The study of graphs, networks of vertices (or nodes) some of which are connected by edges, arguably began in the 18th century with Euler's celebrated solution of the Bridges of Königsberg problem, but much of the work in the area dates from the 20th and 21st centuries (so far). The theory of graphs has been developed significantly since Euler's early work, but the area is still characterised by problems that are easy to state and (in some cases) fiendishly difficult to solve, and very often the key to progress is hard work and ingenuity in problem solving rather than the application of sophisticated theory. The course started with definitions and elementary results, and moved on to sample some of the beautiful theory in different aspects of the study of graphs. Along the way, there was lots of opportunity for working on problems and for playing around with the ideas.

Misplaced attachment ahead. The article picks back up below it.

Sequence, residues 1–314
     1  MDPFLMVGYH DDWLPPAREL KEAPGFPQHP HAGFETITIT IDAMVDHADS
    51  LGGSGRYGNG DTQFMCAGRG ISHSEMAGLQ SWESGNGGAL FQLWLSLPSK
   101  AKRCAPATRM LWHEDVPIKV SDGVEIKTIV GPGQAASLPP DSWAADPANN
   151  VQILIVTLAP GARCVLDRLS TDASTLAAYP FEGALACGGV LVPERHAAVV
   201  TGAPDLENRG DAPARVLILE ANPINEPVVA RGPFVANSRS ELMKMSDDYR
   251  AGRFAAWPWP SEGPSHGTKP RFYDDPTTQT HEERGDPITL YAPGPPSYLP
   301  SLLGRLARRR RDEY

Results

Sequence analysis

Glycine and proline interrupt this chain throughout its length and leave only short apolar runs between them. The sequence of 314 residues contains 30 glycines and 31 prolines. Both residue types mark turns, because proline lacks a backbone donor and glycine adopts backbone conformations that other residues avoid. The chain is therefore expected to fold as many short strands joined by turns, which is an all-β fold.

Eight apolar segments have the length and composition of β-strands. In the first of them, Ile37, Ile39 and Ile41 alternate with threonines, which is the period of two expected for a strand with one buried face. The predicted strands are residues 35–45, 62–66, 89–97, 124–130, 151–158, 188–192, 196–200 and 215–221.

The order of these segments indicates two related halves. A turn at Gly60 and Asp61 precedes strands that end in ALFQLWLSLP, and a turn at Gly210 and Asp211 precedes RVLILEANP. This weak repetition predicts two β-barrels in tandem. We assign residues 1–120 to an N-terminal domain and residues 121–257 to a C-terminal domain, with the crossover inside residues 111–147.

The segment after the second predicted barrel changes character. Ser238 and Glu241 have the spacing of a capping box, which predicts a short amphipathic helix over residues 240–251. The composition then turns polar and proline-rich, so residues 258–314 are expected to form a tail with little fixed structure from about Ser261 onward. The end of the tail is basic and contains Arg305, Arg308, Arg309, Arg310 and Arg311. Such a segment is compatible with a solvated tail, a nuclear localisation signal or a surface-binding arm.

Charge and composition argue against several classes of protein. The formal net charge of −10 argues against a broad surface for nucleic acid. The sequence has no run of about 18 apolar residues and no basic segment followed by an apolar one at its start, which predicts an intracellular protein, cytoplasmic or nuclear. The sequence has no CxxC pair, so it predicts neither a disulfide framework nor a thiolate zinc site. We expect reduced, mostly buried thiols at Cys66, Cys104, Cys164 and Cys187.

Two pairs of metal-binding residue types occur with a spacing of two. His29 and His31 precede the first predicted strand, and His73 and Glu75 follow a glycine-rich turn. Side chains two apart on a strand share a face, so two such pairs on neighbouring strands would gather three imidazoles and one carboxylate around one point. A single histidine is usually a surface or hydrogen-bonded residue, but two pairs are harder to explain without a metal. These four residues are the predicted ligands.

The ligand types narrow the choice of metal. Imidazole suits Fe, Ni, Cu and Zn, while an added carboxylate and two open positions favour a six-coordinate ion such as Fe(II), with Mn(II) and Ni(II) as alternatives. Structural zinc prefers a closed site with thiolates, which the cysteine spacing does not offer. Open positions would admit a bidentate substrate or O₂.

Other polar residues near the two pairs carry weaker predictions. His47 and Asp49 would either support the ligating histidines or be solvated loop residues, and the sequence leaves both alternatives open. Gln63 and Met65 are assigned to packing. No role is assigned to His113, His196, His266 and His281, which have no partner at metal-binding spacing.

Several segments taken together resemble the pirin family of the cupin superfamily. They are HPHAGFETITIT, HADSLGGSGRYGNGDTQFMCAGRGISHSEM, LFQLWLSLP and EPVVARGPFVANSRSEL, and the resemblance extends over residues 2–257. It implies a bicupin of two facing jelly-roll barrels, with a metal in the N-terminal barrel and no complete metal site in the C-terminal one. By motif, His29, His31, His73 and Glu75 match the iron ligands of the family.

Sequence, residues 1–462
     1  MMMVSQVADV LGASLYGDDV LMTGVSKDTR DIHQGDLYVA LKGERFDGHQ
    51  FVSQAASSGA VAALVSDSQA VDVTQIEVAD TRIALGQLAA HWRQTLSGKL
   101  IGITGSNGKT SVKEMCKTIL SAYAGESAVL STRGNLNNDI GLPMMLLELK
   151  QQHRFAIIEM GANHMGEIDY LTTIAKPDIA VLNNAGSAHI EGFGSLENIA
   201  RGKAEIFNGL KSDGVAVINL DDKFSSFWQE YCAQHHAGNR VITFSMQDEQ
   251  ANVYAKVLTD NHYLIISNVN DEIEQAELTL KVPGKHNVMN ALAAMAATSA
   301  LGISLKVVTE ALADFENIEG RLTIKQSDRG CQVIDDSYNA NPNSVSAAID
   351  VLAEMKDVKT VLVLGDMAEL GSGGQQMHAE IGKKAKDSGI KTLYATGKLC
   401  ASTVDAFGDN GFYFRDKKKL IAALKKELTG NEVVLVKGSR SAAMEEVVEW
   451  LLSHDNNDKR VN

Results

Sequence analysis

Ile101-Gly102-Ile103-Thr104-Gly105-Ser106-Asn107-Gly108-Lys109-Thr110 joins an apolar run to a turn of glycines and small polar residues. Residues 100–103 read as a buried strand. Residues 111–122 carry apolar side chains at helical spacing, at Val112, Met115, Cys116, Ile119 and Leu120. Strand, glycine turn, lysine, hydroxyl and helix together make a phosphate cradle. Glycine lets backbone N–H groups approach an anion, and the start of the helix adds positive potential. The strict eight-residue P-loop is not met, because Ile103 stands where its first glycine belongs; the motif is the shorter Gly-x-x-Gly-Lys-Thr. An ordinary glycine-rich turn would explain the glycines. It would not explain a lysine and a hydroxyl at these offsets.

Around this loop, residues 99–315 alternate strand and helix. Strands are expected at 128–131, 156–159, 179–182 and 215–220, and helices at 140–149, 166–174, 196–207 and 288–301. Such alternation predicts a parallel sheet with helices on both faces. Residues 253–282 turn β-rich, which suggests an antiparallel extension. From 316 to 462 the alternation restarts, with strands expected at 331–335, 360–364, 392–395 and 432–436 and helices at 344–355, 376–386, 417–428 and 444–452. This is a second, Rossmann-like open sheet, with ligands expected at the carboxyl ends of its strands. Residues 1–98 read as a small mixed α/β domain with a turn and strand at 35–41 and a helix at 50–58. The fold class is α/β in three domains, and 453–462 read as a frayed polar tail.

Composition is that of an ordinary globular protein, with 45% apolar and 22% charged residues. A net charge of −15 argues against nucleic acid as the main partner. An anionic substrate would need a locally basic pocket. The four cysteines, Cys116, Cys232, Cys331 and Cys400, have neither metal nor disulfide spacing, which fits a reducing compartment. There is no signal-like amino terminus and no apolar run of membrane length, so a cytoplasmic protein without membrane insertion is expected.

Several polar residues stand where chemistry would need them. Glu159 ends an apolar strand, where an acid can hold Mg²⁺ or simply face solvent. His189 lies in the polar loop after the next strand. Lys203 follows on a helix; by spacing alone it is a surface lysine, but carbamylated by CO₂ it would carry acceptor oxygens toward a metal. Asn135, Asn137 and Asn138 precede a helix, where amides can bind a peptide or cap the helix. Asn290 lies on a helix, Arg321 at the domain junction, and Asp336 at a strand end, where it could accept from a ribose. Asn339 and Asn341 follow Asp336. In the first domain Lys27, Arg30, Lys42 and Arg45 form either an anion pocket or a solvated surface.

One of the key aspects of advanced mathematics is the process of abstraction. We find that seemingly unrelated situations share certain properties, so we unpick exactly what it is that those situations have in common that lead to those properties. If we can then prove results assuming only those properties, then they will apply to all the situations with those properties and so we get many results for the price of one. One absolutely key example of this process is the group, examples of which can be found in many, many mathematical settings. In this course, there was discussion of what a group is, presentation of a number of important examples, and exploration of some properties of general groups and of particular types of group. It followed on very nicely from the Number Theory course that returning students had taken in their first year, but it was also accessible to students participating in PROMYS Europe for the first time
This course drew on the book Visual Group Theory, by Nathan Carter.
David Conlon (Oxford, Wadham College)
A five week reading course on the probabilistic method, based on two sources, the book The Probabilistic Method, by Noga Alon and Joel Spencer, and the notes of an undergraduate lecture course at Oxford.